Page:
Frustrated carers during times of uncertainty & finding common ground

I have been writing this blog from a space of intention. My intention has been to spread messages of a ‘system’ that is working at its best. And when it is working well, it’s a wonderful thing! But the truth of the child welfare system is that it is complex, confusing & confounding at times as well.

So this post is written with the intention of acknowledging this complexity from the carers point of view. Carer/s who open their home and heart to support vulnerable children but are also concurrently opening their lives up to a frustrating and stressful journey at times.

When carers care for a child or children who have recently entered care (or a parent has later asked to be considered for restoration), the carer is also flung into the legal system which makes determinations about permanency. This is a time of uncertainty for everyone (children, parent/s and carers alike) and is often a period of heightened stress as a result.

Whilst in the past Australian child welfare agencies have ‘removed’ children at alarming rates instead of working with families to keep children safe at home, there is now a concerted effort when children do enter care, to aim to first keep them at home and then, when they enter care, to get children back home. Of course, where possible and safe, this is always the better option for children as the evidence clearly states children with family and out of the system are fairing better.

At the same time, carers are ‘recruited’ to care for children and whilst in the past there was a strong message that children would remain in ‘long term care’ with the carers, now the expectation is that carers provide a safe home, ensure a child is well connected to family, ideally support the parent/s for children to go home, but also be prepared to have a child as part of their forever family (just in case restoration is not possible).

Another issue for carers which is understandably frustrating is when an agency assures the carer/s that a child or the children will absolutely be staying in care and carers say ‘yes’ to caring for the child/ren. Months to years pass and then a carer learns that a parent is asking for restoration and again, a process of determining what is in the best interest of a child occurs through the court.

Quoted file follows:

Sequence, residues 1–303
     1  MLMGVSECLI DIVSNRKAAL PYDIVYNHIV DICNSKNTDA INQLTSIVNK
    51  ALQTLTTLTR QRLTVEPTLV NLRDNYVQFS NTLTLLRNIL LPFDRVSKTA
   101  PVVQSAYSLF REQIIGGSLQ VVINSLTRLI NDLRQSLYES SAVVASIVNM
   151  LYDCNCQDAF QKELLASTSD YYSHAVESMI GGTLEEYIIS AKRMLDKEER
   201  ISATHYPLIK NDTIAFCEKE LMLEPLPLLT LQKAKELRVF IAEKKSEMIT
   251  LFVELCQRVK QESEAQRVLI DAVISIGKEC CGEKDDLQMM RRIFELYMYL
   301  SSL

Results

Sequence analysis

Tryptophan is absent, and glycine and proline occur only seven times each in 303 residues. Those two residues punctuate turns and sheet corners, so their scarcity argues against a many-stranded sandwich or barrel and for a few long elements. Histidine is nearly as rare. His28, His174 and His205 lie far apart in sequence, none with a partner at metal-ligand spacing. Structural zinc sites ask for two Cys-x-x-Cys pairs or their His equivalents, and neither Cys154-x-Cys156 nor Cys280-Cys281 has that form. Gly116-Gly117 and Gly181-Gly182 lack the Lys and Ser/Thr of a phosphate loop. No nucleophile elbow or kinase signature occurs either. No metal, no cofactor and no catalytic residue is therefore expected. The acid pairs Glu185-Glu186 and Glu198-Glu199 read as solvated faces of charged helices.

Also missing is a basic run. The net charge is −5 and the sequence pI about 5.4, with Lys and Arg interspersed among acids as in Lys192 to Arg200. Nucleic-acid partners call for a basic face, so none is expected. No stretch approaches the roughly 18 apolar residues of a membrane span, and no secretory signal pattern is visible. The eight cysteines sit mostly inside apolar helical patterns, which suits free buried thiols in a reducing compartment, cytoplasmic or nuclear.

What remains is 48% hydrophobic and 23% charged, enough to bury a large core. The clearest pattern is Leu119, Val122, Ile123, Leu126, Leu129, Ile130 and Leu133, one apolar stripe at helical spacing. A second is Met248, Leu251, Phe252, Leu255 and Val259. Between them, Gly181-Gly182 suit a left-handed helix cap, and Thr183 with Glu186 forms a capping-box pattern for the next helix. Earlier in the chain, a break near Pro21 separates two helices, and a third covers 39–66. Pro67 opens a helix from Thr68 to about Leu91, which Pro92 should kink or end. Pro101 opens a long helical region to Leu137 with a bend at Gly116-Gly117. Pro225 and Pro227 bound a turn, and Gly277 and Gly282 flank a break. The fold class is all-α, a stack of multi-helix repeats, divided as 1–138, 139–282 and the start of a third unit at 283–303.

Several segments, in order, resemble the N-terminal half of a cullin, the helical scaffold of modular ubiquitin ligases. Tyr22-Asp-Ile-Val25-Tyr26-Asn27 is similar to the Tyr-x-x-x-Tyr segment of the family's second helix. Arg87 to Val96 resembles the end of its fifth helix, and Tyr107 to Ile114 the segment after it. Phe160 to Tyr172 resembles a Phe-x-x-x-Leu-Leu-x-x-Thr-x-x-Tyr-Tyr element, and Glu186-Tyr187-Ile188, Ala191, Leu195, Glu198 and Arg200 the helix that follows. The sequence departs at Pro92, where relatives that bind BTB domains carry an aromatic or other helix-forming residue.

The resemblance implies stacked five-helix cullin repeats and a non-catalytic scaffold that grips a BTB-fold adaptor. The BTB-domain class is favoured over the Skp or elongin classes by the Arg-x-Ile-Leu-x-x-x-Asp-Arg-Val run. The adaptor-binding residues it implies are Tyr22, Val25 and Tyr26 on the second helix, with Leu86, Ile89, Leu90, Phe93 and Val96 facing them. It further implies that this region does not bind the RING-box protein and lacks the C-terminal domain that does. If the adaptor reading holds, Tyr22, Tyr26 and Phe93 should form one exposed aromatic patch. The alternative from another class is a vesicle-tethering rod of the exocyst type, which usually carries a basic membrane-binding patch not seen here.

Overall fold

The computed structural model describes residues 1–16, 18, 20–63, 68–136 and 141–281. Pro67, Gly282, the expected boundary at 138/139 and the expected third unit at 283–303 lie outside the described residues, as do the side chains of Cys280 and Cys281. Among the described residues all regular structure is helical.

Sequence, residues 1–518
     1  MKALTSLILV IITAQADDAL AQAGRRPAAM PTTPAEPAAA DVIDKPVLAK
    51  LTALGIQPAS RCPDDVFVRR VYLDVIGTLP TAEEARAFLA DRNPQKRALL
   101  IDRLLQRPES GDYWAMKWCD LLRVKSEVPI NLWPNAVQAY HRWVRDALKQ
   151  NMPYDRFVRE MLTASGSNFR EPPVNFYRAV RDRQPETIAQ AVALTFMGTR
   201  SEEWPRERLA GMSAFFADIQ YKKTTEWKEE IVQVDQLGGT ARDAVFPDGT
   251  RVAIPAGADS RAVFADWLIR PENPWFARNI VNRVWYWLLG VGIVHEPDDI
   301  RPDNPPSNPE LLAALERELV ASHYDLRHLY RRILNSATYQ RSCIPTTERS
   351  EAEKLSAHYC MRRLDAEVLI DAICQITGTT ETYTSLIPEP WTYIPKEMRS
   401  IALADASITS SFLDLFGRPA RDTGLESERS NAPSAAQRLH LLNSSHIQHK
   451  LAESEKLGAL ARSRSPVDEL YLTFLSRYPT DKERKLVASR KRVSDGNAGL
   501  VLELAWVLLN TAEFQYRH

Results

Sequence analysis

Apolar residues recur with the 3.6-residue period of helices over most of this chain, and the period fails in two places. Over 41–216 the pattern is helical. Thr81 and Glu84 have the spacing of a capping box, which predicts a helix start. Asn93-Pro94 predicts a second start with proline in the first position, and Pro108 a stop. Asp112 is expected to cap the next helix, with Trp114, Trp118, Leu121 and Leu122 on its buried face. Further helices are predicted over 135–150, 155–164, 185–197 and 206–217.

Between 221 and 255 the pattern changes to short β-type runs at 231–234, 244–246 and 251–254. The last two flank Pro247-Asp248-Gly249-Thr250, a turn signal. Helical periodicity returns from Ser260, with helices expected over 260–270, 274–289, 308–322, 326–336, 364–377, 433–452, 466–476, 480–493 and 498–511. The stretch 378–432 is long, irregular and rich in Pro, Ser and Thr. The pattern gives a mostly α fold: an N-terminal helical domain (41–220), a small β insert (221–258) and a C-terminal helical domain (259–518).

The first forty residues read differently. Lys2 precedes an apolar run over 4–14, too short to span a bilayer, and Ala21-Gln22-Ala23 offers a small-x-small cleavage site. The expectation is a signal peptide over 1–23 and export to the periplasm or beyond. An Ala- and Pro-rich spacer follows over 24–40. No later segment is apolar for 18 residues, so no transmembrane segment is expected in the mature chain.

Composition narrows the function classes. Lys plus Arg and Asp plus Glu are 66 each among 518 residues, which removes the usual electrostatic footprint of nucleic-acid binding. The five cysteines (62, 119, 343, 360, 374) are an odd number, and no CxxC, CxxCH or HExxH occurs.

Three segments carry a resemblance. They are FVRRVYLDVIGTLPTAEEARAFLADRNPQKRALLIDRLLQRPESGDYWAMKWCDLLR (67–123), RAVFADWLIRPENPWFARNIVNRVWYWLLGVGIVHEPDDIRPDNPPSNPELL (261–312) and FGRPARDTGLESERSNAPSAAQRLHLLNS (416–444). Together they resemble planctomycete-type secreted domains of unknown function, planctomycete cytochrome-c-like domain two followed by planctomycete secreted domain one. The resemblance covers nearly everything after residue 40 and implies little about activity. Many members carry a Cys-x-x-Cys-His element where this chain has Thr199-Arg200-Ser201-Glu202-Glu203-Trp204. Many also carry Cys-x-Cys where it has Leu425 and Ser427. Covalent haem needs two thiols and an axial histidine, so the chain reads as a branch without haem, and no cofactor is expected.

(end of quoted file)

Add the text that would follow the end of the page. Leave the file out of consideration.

There are other scenarios which lead to frustrations but I want to focus on these two areas as they are quite prevalent right now.

I am an avid supporter of restoration whenever a parent or parents are able to make and sustain the changes required to support their child/ren to go home and remain emotionally and physically safe.

In my own professional role, I work hard to strike a balance when understanding the human impacts of our work. I am balancing the views of the carer/s who are invested in children they have accepted into their care as well as the perspective of the parents that are trying to get their children back home (I hear of incredibly inspiring stories of parents that transform their own lives to support their child/ren to come home and other incredibly sad stories of parent/s that no matter what support is provided, just struggle to understand how past actions have put their children at risk and they cannot or will not make change).  What is most important is of course what is in the best interest of the child that is loved by both parent & carers and all significant others. The common ground for the adults around a child in care is they all truly care about the child and want what they see as best for the child.

I have been able to provide some level of support to carers during this time and can see the strain it puts on individuals and families.

My own experience as a carer included a court challenge which meant we went from being assured of a ‘long term’ plan to one where there was a prolonged court period where the legal system determined who CC will live with. It was stressful. For everyone. We were all assessed by a clinician and being put under the microscope can be challenging (and triggering). In the end CC stayed with us but it was just as stressful for the family that fought that decision. We all felt disempowered while the decision was made. There was of course grief and loss for the family. It could have been us but in our instance, it wasn’t.  

Carers respond differently to this level of uncertainty.

  • Some carers give up.
  • Some can see the power of working with family to support connection and restoration.
  • Some paternal families are working hard to include maternal families & other times there are efforts to exclude. And vice versa.
  • Some carers never give up.
  • Some carers are stretched to breaking point.
  • Some carers makes complaints.
  • Some carers blame the children.

Most carers muddle through as best they can but there is often a cost.

At the risk of sounding very impersonal – carers are an absolutely critical part of a pipeline. Carers fill a very important gap when it comes to vulnerable children. Carers are a safe haven. Carers provide a home for children who are terrified, confused, angry or numb. Carers are caring for children in care because they want to help.

So this post is not to provide any solutions.

Rather it is to acknowledge you opt into the voluntary role of caring and often experience frustration for various reasons.

Whether you are already family, friends or strangers to a child or children, you open your hearts and homes during periods of uncertainty.

Thank you for caring and for persevering as carers.

Note – I will be posting soon about the parent and child perspective.

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